Ten years into a collaboration that has produced the mockumentaries "Waiting for Guffman," "Best in Show" and "A Mighty Wind," Christopher Guest and Eugene Levy shed the gimmick in the almost surreally fast-paced laffer "For Your Consideration."
Ten years into a collaboration that has produced the mockumentaries “Waiting for Guffman,” “Best in Show” and “A Mighty Wind,” Christopher Guest and Eugene Levy shed the gimmick in the almost surreally fast-paced laffer “For Your Consideration.” The story of a “prestige” film comically roiled by kudos buzz, “Consideration” is too heavy on ethnic humor and industry in-jokes to attract many in flyover territory. But it will garner critical huzzahs from those it lampoons, which will broaden the duo’s fan base in theatrical and fiercely cultish ancillary.
Warner Independent Pictures plans a Nov. 17 rollout in some 40 U.S. markets, expanding the run a week later, aiming to capitalize, no doubt, on holiday buzz for awards season.
Wisely abandoning the mockumentary approach they’d taken about as far as it could go, Guest and Levy have expanded their rep company of players and utilized an obviously larger budget to widen the net of their cultural satire in snugly cut narrative form. Crucially, they’ve preserved an anarchic, zinger-fueled wit that works chiefly because they continue to simultaneously embrace and condemn the cruel superficiality of their self-absorbed losers.
Though she’s endured the business for more than three decades, actress Marilyn Hack (Catherine O’Hara) still isn’t recognized when she drives up to the front gates of the studio. She’s there starring as a dying Southern matriarch in a low-budget drama called “Home for Purim” opposite Victor Allan Miller (Harry Shearer), who sees the role as a chance to escape his typecasting as Irv the Footlong Weiner in tube spots.
The crew of “Home for Purim” and the industry hangers-on are about par for the Tinseltown course: insecure, suspicious tonsorial train wrecks with laughably trendy wardrobes. There’s the relentlessly cheery makeup guy (Ed Begley Jr.); Miller’s distracted agent (Levy); a non-sequitur-spouting publicist (John Michael Higgins); the bland, middle-aged helmer (Guest); the EPK producer (Carrie Aizley); a breathtakingly dim producer (Jennifer Coolidge); and the mismatched screenwriting duo (Bob Balaban, Michael McKean).
One day on the set, Brit d.p. (Jim Piddock) lets slip to Marilyn that an Internet site has speculated her perf may be worthy of that little gold statue. She soon tells Miller, as well as co-stars (Parker Posey, Christopher Moynihan, Rachael Harris), the last a humorless Method type.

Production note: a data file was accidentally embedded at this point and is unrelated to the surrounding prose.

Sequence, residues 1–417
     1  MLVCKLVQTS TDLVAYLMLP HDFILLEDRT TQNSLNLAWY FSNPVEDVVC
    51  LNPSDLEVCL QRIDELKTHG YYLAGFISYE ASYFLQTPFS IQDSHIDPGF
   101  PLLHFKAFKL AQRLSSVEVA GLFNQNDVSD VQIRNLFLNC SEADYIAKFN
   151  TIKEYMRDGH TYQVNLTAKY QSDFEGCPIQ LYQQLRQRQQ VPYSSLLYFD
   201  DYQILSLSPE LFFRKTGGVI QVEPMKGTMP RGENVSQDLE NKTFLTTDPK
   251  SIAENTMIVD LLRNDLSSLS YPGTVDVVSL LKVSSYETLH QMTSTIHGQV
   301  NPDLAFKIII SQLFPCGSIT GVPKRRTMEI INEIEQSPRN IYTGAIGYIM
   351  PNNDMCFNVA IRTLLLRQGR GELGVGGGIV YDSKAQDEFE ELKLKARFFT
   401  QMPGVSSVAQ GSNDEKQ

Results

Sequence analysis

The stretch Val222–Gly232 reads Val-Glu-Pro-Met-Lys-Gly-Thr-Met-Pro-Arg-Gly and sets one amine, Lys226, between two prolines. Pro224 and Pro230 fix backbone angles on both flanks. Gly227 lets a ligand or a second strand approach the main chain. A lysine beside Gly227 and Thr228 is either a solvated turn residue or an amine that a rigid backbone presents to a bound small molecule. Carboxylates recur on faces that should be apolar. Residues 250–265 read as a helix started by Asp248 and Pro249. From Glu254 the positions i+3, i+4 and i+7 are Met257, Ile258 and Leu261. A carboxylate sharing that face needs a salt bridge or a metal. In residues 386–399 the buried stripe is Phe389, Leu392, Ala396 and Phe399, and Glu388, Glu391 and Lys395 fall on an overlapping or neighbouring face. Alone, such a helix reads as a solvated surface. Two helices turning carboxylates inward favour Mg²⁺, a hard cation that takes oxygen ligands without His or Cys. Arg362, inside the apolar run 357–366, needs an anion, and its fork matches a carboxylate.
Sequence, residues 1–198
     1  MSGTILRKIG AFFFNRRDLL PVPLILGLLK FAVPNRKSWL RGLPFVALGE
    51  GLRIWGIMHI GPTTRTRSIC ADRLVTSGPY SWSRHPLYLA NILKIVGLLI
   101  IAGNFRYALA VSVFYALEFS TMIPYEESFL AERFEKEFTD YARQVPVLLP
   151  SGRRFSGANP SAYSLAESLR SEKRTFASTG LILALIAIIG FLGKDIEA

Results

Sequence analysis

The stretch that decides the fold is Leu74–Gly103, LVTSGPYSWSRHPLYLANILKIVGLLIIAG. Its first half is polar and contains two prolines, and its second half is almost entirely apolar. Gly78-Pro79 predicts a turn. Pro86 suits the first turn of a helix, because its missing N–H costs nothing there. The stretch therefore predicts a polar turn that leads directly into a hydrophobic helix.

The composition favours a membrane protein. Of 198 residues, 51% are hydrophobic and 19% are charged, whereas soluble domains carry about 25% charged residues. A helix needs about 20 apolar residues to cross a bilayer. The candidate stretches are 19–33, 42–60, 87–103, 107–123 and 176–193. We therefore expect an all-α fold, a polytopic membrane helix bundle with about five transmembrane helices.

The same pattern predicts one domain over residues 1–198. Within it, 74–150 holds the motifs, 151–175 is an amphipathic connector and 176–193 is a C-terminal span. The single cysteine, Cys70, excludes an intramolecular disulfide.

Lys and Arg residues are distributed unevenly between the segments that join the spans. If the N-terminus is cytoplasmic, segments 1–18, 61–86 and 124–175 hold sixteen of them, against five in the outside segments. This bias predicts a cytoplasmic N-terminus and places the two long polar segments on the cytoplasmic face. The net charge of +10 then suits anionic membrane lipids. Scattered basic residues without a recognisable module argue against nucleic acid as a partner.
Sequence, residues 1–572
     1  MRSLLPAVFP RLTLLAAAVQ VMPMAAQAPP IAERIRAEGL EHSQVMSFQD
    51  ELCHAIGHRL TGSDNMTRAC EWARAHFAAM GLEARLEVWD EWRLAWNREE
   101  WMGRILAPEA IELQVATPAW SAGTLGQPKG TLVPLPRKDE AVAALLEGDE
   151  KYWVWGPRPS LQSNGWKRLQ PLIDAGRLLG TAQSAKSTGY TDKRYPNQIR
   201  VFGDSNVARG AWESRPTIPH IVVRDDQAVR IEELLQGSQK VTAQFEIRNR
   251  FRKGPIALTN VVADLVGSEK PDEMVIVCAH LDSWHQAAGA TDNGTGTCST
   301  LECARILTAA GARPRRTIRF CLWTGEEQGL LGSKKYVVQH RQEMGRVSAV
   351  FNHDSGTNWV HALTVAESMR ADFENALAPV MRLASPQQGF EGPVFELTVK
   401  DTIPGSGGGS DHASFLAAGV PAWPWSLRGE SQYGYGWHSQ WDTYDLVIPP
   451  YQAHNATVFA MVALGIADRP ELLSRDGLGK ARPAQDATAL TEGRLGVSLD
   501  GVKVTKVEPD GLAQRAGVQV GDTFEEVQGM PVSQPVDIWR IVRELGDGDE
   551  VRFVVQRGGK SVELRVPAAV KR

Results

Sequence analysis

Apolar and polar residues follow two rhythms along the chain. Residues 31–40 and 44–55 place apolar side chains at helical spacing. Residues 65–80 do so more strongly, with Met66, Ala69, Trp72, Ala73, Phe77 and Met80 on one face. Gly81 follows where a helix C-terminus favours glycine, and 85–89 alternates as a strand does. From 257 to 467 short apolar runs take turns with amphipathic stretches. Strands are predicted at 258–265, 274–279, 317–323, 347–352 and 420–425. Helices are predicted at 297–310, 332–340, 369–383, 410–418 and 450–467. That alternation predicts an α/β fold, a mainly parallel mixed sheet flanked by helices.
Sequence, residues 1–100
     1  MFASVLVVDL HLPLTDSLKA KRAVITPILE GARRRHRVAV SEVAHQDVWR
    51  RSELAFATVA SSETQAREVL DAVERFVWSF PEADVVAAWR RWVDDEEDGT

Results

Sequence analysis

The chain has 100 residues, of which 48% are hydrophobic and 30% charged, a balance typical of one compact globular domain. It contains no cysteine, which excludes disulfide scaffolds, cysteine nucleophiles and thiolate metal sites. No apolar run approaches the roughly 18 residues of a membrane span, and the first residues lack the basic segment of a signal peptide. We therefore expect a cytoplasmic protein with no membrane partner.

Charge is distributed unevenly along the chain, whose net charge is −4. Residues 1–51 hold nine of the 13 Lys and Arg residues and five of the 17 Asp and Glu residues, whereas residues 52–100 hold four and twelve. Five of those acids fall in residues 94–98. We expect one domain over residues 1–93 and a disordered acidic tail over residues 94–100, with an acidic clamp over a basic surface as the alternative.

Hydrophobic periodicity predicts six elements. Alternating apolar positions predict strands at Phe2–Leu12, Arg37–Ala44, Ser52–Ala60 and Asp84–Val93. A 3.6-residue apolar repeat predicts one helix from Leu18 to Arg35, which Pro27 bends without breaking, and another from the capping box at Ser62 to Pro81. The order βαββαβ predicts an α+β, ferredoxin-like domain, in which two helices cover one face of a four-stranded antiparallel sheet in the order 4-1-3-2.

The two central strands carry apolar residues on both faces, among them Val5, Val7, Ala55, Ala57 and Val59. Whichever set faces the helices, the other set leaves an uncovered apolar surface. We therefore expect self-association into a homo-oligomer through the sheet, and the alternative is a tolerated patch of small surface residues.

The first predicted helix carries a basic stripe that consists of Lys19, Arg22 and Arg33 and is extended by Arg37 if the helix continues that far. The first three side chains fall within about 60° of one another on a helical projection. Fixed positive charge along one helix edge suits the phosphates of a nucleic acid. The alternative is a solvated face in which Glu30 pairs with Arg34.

Soon the rumor has leaked to a series of contempo entertainment programs, caricatured with spot-on precision. Chief among them is “Entertainment Now,” co-hosted by terminally perky and sharp-tongued duo (Jane Lynch and Fred Willard, here sporting a fluffy blond Mohawk).
The media buzz, in turn, attracts the attention of smarmy Sunfish Classics prez Martin Gibb (Ricky Gervais) and his jumpy assistant (Larry Miller), whose boutique distrib is interested in acquiring the film — with maybe just a few script changes. Renamed “Home for Thanksgiving,” pic gets raves from a pair of bickering tube crix (Don Lake, Michael Hitchcock). Can the coveted noms be far behind?
Of course, “Home for Purim” is terrible — and nobody really seems to care, or even notice. As with the small-town theater company in “Guffman,” even the hint of validation is enough to spur on these oddballs.
Entire company is in top form. Rep company newcomer Gervais has a priceless few moments discussing restaurants with Coolidge, while Shearer’s character sums up the pic’s main theme: “Oscar is the backbone of this industry, an industry not known for backbone.”
Little-known thesps Deborah Theaker and Scott Williamson, who between them have been in almost all of Guest’s directorial efforts, are given incrementally larger roles here as Marilyn’s pal and a morning talkshow host, respectively.
If there’s a whisper of disappointment, it’s in the promise of O’Hara’s touchingly conflicted Marilyn. The role feels underwritten — particularly as O’Hara cedes face time to a huge supporting cast that includes various thesps doing one-off-cameos as themselves.
Tech package is marked by a TV-like glare, which also is spoofed by Guest: Asked for more light on the set, Piddock’s lenser complains, “It’s brighter than Stephen Hawking in here.”